Back to News and Events

Bassford Brief: First Steps to Take if Faced With an Ethics Complaint


The Bassford Brief: Legal Issues for Lawyers | Attorney at Law Magazine | Vol. 12, No. 4 | April 2023

Don't Panic: First Steps to Take with An Ethics Complaint

As attorneys, we have a duty to comply with the Rules of Professional Conduct. But what happens when someone alleges you have violated these rules? This article, while not a substitution for legal advice, will highlight some of the important steps an attorney should take when faced with an ethics complaint.


Pause. Take a deep breath. This can happen to anyone. The mere fact that somebody has filed a complaint does not mean that you are going to be disciplined.

In law school, many professional responsibility courses focus on blatantly unethical situations. Should you sleep with a client? No. Should you steal money from a client? No. Should you sleep with a client and then steal their money? A resounding no.

In reality, ethical issues are not always that simple. What do you do when you believe the interests of your joint clients are no longer aligned? How do you represent a client who has declining capacity? It is not shameful to have questions on how to handle these types of issues.

Even if you try your best to do everything right, you are not immune from an ethics complaint. Perhaps you have a client who is unhappy with you despite your gold-star ethical representation. If they decide to file a complaint against you, you could be the subject of an ethics investigation.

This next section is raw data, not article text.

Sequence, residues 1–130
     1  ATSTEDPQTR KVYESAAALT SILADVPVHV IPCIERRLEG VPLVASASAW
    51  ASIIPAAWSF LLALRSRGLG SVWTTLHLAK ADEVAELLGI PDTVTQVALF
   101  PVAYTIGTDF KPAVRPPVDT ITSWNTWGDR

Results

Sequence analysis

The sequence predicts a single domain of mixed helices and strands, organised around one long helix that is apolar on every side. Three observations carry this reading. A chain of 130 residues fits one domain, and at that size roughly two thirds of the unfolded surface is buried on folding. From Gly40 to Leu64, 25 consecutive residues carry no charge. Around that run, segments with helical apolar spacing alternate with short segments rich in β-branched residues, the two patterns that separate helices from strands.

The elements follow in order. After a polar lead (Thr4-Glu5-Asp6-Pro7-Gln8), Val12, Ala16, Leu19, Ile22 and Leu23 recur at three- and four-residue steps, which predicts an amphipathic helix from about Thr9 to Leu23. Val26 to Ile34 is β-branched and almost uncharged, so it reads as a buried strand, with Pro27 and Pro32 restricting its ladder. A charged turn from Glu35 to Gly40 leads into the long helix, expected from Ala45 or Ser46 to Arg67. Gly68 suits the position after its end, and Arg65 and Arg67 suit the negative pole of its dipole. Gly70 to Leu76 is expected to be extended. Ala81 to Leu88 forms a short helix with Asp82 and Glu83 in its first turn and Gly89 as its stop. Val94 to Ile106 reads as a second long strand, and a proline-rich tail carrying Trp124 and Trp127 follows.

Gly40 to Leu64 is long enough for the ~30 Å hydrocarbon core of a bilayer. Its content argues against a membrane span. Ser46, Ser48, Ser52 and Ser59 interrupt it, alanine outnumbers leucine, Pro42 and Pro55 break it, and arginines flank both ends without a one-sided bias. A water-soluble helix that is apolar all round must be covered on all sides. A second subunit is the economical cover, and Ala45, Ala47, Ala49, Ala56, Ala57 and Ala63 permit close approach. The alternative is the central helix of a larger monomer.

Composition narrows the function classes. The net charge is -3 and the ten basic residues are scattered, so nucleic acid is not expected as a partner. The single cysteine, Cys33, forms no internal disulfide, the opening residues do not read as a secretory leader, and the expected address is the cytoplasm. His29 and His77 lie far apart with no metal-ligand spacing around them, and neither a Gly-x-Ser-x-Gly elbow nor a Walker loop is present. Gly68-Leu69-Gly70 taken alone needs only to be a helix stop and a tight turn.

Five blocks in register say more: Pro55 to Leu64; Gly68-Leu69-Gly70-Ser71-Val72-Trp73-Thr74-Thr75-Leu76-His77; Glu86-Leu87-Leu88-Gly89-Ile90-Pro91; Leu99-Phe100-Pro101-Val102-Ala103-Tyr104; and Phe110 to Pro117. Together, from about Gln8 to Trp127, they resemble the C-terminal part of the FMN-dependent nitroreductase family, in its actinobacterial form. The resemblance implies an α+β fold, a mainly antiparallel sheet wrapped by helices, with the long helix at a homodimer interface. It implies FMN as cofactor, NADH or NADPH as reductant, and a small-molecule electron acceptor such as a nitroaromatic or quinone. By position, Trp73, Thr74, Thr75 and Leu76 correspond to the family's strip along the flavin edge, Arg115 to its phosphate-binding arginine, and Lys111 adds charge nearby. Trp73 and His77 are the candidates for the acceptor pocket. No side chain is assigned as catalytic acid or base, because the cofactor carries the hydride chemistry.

Despite all of this, there is likely no need to panic. The vast majority of ethics investigations are concluded without discipline, or with private discipline. Private discipline means there will not be a public record of the investigation or the outcome. The only parties who are made aware of the private discipline are the complainant, the respondent, and the Office of Lawyers Professional Responsibility. So, while private discipline is still discipline, it generally does not become public knowledge.


Once you get over the initial shock of the situation, you should consult with your professional liability insurance policy. This is important for several reasons.

Many policies require attorneys to notify their carrier anytime they become aware of facts or circumstances that could lead to a malpractice claim. Additionally, many policies include assistance for attorneys facing ethics complaints. This assistance oftentimes comes in the form of legal representation.

You may be thinking, “why should I hire an attorney if I am an attorney?” Well, as the old adage goes, “a lawyer who represents themself has a fool for a client.” This is true, but especially so when it comes to an ethics investigation.

In an ethics investigation, an attorney’s conduct is questioned. What do many of us do when our own conduct is questioned? We get defensive. It can be hard to remain impartial and deliver the facts without getting emotional.

An unbiased third-party can advocate for you in a way you may be unable to do yourself. Moreover, some attorneys dedicate their entire practice to the law of professional responsibility. Having someone on your side who is familiar with the process can take away a lot of the stress surrounding an already stressful situation. Even if your insurance policy does not cover legal representation, the guidance of an experienced ethics attorney is invaluable.